And yet the words "fairy-tale" echoed through his mind, and he whispered them, and in the great stone room they reverberated and came back a thousand-fold to his ears. Fairy tales were too good to be true, that was why they were called so. It was not wise to trust in them, to let dreams overrule reason.
But why, begged Faramir's mind, why could not this one be true? Why could not everything be well and good and easy?
He rose from where he knelt, and walked out of the room, and passed into the great Memorial Hall of Minas Tirith. There were all the artifacts and heirlooms of the realm held, and he walked by them, seeking for something that might spur his mind to a decision. Was there anything he had missed?
Then, all at once, he saw a great tapestry, a portrayal of the Last Alliance. There were the men and elves, and Elendil the Tall, and King Gil-Galad, and every other figure from legend. He looked up at their faces, woven with great skill by weavers at the beginning of the Third Age. Then he laughed, and looked at a portrait of Isildur and Anarion in their prime, and laughed again.
Here he had found something he had indeed missed. They were living in a fairy-tale, every one of them! That tapestry of the Last Alliance was so grand and inspiring, with its characters seeming larger than life. And so they were. And yet they were real. In the North there were elves, immortal beings with great powers, and they were not merely the stuff of stories, but were real. Sauron, a character of a fairy-tale if ever there was one, had just been destroyed, and his object of power was a magic ring. A magic ring that gave the bearer invisibility! The nature of the situation struck Faramir anew, and he laughed merrily at his thick-headedness at missing it before. Dreams and legends had sprung to life before his eyes without his blinking, and here he was questioning the very answer to all the prophecies, without a rough point in his claim! What part of Aragorn's story could be disbelieved? It was all proved, believed by all who met him, and what was worrying Faramir but mere technicalities about the future? Gandalf, who was a Maia come to Middle-earth, knew more than Faramir could ever hope to know, and was offering Aragorn his support. If anything was more ridiculous than resisting such support, Faramir could not think of it.
There were times in a man's life, he decided, when he must simply have faith. When he must look past his worries, and place blind hope in something, not being sure of the outcome, not having any reason for what he does, but only that he believes it is the right thing to do.
And as if he had found the missing piece to a puzzle, Faramir's mind fell into order. He had always believed in providence, in a power aiding the world beyond the comprehension of mortal thought, and he now felt as if it was working through him.
Everything had been so close to failing, so close that a breath might have blown victory away on the wind. Chance had seemed to manage everything down to the last minute, and every coincidence appeared to his mind. How could one look at such a history as the past months and worry now? It was all well! Through miraculous chance, the White City had been saved, Sauron had been defeated, and the world had been allowed to continue. In the face of such a victory, his worries seemed petty, and his faith grew.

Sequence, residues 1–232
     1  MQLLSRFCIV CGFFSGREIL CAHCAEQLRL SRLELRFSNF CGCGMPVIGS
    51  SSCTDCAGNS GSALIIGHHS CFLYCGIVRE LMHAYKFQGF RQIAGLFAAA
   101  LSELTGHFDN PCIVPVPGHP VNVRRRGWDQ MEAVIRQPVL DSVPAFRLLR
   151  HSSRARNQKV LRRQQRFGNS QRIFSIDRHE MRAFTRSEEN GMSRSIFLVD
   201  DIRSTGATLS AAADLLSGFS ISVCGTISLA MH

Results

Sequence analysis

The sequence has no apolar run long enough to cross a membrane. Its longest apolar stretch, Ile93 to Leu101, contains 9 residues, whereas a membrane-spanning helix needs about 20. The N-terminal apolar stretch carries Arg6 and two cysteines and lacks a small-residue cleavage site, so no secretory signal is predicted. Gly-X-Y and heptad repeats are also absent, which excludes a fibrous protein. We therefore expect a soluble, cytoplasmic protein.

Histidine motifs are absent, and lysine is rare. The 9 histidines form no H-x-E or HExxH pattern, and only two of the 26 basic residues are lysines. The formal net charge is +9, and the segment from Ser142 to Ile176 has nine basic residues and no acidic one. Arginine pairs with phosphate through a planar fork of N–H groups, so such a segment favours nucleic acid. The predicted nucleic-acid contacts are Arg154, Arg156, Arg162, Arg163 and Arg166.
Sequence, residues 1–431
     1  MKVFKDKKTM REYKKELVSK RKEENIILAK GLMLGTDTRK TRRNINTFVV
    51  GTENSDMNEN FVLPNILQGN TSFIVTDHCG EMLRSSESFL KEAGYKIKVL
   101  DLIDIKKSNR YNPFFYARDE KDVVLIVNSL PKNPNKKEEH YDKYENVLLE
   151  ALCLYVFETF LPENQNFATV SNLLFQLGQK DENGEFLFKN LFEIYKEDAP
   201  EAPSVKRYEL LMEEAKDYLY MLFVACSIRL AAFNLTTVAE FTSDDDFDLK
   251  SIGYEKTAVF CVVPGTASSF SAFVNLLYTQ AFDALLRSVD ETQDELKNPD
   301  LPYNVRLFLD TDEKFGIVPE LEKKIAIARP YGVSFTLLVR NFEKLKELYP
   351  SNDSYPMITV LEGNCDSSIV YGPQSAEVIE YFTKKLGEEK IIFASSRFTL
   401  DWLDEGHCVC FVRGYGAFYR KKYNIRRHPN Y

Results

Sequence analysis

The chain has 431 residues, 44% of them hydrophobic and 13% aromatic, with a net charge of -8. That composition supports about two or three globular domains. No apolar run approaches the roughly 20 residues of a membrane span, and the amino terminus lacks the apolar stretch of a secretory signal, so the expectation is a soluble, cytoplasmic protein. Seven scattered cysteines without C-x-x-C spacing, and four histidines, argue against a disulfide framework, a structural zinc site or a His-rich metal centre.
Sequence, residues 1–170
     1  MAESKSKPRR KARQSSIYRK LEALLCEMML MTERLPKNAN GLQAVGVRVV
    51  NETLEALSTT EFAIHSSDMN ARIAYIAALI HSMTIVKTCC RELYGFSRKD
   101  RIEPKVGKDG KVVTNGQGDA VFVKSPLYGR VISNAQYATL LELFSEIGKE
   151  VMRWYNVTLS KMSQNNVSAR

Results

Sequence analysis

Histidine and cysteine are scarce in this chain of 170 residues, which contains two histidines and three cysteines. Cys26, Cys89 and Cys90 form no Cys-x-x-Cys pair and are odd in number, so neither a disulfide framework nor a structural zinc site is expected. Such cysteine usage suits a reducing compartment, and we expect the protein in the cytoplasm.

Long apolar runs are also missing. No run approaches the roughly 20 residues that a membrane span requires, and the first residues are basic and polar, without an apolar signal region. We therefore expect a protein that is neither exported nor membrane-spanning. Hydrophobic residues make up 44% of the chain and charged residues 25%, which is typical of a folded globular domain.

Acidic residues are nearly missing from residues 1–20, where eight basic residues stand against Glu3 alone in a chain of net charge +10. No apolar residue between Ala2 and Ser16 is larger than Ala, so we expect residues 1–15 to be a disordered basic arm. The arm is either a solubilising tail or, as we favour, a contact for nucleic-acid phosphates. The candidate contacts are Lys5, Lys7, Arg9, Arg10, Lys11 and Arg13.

In his heart he felt that if he hesitated now, it would all fall to pieces, and the miracles that had taken place would pale in the face of his doubt, and the great plan that had worked so far would fail in the last step. No, his duty was now clear in his mind. As winter flowed into spring, so would the downfall of Sauron be followed by the Return of the King.
With a mind now decided, a will now firm, and a heart now joyful, Faramir called Hurin to him, and told him to bear his decision to the Council. He banished all fear, and felt once again that he was strong.
The lords did not mention the subject again to him, and as his decision changed not one iota as the final preparations took place, though he often examined it, it was as if that Council had never happened.
Then the day came, and Faramir went to Rath Dinen, and brought forth the crown of the last king. With a heart now just a tiny bit nervous at the last test, he brought it down to the gate as Aragorn rode towards it.
And then, when Aragorn strode forward, Faramir looked into his eyes, and his Numenorean foresight beheld the man to whom he was giving his beloved Gondor. In those eyes his decision was made, and an utter peace filled his heart, and the worries were forever driven away. He had done rightly. Knowing now what to do, Faramir knelt before the man he would give all his loyalty to, and said: "The last Steward of Gondor begs leave to surrender his office."
And though he could not know it, Gandalf and Aragorn knew of what he must have borne in his mind, what he could have done, and were proud of him at that moment, and Aragorn meant it with all of his heart when he responded: "That office is not ended, and it shall be thine and thy heirs' as long as my line shall last. Do now thy office!"
And so Faramir rose and obeyed, and the fairy-tale that had begun ages ago in Cuivienen came full circle, and the Return of the King was achieved. And all rejoiced and were glad.
"Now come the days of the King, and may they be blessed, while the thrones of the Valar endure." —The Return of the King